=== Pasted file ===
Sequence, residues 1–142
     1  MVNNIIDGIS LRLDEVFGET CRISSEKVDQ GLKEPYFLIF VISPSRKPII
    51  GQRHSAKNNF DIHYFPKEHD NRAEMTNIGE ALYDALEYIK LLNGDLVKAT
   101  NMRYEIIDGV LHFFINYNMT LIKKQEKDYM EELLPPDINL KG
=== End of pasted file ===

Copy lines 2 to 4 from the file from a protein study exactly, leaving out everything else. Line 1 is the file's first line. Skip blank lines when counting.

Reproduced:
     1  MVNNIIDGIS LRLDEVFGET CRISSEKVDQ GLKEPYFLIF VISPSRKPII
    51  GQRHSAKNNF DIHYFPKEHD NRAEMTNIGE ALYDALEYIK LLNGDLVKAT
   101  NMRYEIIDGV LHFFINYNMT LIKKQEKDYM EELLPPDINL KG